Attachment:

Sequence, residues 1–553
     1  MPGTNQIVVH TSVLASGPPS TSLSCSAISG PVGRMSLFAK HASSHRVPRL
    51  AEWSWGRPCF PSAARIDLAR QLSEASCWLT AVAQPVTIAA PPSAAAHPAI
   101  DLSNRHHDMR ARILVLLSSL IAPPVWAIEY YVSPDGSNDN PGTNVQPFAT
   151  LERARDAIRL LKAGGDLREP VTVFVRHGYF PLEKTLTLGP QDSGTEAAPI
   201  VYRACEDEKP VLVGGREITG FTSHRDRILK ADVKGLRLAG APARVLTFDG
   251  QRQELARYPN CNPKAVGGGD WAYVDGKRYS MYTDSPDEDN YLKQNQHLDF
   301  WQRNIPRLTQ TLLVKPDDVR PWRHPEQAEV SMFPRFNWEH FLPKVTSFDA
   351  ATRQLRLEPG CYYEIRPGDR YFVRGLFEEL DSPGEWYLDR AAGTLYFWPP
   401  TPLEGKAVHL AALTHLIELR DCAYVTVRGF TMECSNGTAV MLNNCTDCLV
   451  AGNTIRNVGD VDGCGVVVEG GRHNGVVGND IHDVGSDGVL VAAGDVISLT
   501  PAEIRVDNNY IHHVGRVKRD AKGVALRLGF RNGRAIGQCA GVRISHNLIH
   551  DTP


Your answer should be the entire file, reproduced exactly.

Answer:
Sequence, residues 1–553
     1  MPGTNQIVVH TSVLASGPPS TSLSCSAISG PVGRMSLFAK HASSHRVPRL
    51  AEWSWGRPCF PSAARIDLAR QLSEASCWLT AVAQPVTIAA PPSAAAHPAI
   101  DLSNRHHDMR ARILVLLSSL IAPPVWAIEY YVSPDGSNDN PGTNVQPFAT
   151  LERARDAIRL LKAGGDLREP VTVFVRHGYF PLEKTLTLGP QDSGTEAAPI
   201  VYRACEDEKP VLVGGREITG FTSHRDRILK ADVKGLRLAG APARVLTFDG
   251  QRQELARYPN CNPKAVGGGD WAYVDGKRYS MYTDSPDEDN YLKQNQHLDF
   301  WQRNIPRLTQ TLLVKPDDVR PWRHPEQAEV SMFPRFNWEH FLPKVTSFDA
   351  ATRQLRLEPG CYYEIRPGDR YFVRGLFEEL DSPGEWYLDR AAGTLYFWPP
   401  TPLEGKAVHL AALTHLIELR DCAYVTVRGF TMECSNGTAV MLNNCTDCLV
   451  AGNTIRNVGD VDGCGVVVEG GRHNGVVGND IHDVGSDGVL VAAGDVISLT
   501  PAEIRVDNNY IHHVGRVKRD AKGVALRLGF RNGRAIGQCA GVRISHNLIH
   551  DTP